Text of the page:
You’ve just purchased one of the most impressive, unique, and useful practice books you will use in your Court Reporting career. Its design is to increase your speed and accuracy, utilizing repetition, briefs, theory briefs, phrases, squeezes, and multisyllabic words.
To get the most out of the book, follow the Instructions:
Mastering Machine Shorthand is designed to focus on repetition, retention, and reinforcement of briefs, phrases, and squeezes. Because there are many theories taught for machine shorthand, this book contains one or two brief suggestions to pick from for a particular word or word grouping. This allows you to choose whichever you like best (what “sticks in your mind”) or whichever is most compatible with your theory.
How to use the Pyramid Practice Form [ for Speed and Accuracy ]: The repetition provided by the Pyramid Form of the sentence will help reinforce the strokes, will help the briefs become cemented in your mind, and reduce hesitation—all leading to increased speed and accuracy. Start at the first line and write the word without error <ex: After>. Then move to the second line and write the words there, each word without error <ex: After pulling>. Then move to the third line and write the words there, again, each word without error <ex: After pulling the>. If you make an error—shadowing, misstroke, or any error—return to the very first line and start from the beginning. Repeat this process until you can write the entire page without error from beginning to end. Also write the last line, the full sentence, three times through without error to complete the page.
How to use the Pyramid Practice Form [ for Retention ]: The best way to increase your retention using this book is listen to the Mastering Shorthand audiotapes or CDs. As you listen, begin writing only after the dictations for that sentence has finished. Once completely dictated, then begin to write the sentence from memory and increase your retention as you practice this method. Alternate Retention Practice: Have your instructor read this book in Pyramid Form, but have the class begin writing only after dictation for that sentence or partial sentence has finished. Example: Wait until “After pulling the revolver” is dictated completely and only then begin to write the partial sentence. Follow this pattern until the entire sentence is dictated. Note: There are schools where the instructor will read this book in class in this retention style for you. If your instructors do not use this book, show them yours, let them read this paragraph, and give them the information on Page II to order a copy.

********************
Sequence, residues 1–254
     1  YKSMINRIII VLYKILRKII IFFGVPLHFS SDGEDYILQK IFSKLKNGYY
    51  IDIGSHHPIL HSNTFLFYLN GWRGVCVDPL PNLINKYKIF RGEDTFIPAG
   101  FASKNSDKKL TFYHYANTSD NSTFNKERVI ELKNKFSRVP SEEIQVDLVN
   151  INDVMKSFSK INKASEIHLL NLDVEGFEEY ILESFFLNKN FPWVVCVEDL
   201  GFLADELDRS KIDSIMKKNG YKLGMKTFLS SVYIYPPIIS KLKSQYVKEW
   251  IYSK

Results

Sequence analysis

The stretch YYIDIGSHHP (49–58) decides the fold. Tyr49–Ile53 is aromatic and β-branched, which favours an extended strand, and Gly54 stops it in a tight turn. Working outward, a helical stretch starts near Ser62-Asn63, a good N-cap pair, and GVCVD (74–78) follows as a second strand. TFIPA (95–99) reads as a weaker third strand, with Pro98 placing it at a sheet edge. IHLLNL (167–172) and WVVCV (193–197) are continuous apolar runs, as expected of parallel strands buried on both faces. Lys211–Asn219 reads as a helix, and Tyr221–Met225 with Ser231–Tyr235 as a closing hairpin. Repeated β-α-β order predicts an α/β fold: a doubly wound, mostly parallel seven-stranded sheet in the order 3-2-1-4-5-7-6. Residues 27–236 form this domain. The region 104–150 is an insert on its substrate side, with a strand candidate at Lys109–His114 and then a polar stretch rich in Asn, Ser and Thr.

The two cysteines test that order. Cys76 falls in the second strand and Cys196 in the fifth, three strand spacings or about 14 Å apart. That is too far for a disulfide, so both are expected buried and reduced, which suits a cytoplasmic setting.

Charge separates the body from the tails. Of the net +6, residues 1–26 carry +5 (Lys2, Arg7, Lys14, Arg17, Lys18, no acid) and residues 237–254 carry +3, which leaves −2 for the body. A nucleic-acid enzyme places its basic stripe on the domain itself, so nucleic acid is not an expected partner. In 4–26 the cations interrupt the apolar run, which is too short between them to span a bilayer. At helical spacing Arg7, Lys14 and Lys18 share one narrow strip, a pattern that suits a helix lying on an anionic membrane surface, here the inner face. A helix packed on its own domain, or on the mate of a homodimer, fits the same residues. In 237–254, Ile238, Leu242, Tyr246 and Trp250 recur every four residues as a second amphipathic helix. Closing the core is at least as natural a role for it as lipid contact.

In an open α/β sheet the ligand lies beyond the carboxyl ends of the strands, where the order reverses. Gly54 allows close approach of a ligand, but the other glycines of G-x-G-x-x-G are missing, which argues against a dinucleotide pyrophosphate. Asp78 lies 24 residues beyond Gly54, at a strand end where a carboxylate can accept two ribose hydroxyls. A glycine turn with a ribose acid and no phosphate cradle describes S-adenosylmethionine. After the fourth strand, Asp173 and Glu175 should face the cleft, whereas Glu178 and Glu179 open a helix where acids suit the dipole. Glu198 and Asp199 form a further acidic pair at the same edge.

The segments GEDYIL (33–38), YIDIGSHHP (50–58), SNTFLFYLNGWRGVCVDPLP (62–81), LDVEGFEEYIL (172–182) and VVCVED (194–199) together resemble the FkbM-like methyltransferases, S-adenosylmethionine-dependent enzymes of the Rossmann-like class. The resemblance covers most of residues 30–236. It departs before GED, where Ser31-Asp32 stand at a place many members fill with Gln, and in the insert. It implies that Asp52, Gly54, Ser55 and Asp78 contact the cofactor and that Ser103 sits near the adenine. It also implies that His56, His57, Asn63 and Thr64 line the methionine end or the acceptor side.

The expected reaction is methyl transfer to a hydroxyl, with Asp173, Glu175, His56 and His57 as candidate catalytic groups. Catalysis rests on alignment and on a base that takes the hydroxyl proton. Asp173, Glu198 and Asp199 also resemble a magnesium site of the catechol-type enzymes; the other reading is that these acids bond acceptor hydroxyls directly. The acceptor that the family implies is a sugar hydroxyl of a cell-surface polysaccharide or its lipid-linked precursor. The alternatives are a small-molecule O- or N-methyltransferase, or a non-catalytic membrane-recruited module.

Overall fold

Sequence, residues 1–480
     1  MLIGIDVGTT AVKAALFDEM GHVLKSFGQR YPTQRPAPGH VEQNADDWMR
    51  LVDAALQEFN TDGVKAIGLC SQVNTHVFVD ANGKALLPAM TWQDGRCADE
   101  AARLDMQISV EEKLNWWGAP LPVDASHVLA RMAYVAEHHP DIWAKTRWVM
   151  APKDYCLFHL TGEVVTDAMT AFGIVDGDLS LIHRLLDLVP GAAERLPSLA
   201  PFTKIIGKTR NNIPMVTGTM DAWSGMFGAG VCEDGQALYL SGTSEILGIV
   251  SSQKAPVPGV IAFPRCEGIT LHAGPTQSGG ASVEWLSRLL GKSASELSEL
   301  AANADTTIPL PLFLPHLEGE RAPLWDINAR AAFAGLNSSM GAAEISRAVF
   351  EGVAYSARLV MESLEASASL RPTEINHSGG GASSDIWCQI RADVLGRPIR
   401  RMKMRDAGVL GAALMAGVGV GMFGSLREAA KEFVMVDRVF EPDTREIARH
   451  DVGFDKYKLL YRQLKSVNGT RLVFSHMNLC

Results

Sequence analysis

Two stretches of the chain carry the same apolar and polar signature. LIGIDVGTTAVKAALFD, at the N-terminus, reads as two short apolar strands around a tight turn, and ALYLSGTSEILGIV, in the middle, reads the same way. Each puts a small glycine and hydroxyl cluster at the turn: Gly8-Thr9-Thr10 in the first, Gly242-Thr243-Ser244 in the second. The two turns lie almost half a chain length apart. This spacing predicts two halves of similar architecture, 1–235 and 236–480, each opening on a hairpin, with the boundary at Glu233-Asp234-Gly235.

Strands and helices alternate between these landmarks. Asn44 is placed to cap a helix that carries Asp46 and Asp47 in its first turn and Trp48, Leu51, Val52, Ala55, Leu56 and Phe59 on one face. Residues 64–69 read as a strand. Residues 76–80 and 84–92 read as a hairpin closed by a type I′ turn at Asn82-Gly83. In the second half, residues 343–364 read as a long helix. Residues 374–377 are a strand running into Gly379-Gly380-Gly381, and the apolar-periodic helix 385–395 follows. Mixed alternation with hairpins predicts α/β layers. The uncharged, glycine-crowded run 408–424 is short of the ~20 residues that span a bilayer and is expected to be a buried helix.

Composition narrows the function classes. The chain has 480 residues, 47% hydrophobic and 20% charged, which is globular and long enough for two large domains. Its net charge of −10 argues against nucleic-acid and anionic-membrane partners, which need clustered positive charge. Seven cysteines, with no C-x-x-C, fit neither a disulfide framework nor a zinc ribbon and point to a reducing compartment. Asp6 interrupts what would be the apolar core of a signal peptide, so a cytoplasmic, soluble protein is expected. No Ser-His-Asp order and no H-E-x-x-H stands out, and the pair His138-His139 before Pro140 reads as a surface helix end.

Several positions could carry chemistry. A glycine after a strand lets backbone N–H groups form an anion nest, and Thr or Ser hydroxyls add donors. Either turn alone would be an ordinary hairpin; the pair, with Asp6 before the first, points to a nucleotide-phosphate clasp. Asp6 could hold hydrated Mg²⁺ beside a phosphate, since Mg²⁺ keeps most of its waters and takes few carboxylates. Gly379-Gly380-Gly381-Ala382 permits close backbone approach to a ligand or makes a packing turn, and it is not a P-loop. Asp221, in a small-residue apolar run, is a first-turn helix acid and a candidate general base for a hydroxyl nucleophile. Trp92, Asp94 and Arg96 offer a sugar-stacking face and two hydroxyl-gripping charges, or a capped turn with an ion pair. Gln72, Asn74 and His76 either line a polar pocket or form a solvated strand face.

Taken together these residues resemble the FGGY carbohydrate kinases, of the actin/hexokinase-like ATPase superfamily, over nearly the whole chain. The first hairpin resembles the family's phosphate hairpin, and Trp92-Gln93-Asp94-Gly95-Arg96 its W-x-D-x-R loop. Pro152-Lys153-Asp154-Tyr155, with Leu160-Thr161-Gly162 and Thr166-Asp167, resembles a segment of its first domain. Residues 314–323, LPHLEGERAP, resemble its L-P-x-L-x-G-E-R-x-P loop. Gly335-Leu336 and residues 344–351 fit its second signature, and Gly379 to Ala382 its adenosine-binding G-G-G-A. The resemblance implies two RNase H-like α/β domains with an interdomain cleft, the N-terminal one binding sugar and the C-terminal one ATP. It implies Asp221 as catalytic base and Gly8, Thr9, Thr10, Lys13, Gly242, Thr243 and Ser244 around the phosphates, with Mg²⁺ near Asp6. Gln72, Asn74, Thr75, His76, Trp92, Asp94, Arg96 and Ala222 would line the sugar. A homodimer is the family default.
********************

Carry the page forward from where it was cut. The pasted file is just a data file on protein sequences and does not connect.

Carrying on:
How to use the Progress Chart: When you have completed the page, using Pyramid Practice or Retention Practice, put a check mark or date in the top left box of the Progress Chart—this will allow you to track your practicing habits and have a visual display of completion. When you’ve finished the book once, return to page 1 and start once more, this time filling in a second box of the Progress Chart as you complete each page. Some pages you may want to come back to more frequently and others you may have already mastered.
Conflicts: Using all the briefs, phrases, and squeezes in this book will give your dictionary conflicts. However, the CAT systems of today are incredible at recognizing conflicts, sentence structure, word usage, etc., and choosing the correct word when the conflict arises. This allows you to still have a strong, clean realtime display even though you have conflicts in your dictionary. A reporter in Los Angeles consistently has a 98.5 to 99.3 percent translation rate on almost every job; yet, she does not have a realtime theory and does have conflicts in her writing. It is best to avoid conflicts whenever possible; yet, don’t let that get in the way of increasing your speed and accuracy, especially when the computer can help you tremendously.
Use brIefs wisely, don’t get hung up on them: Use the Phrase & Brief boxes as a reminder to write the word or words in one stroke whenever possible. However, if these briefs do not make sense to you as written out, or if they cause you more hesitation by trying to remember what to stroke, it is advisable that you not incorporate that particular brief, phrase, or squeeze into your writing, or come back to it at a later date. The briefs are suggestions. your writing may, and most likely will, change as you progress in speeds. If a brief doesn’t work for you now, it may make more sense at a later date or be easier to stroke once your dexterity has improved (get “Finger Drills Plus” - Book 6 in the Mastering Machine Shorthand Series)
Alternative Practice: If you think you’ve mastered the book, try practicing to the rhythm of a metronome or try listening to music and writing to the beats! One stroke per beat, include asterisks and corrections as a beat. This will increase accuracy, which will increase speed. It’s important you stroke once per beat, including misstrokes, errors, corrections, et cetera—no exceptions. Vary your music for faster or slower tempos.
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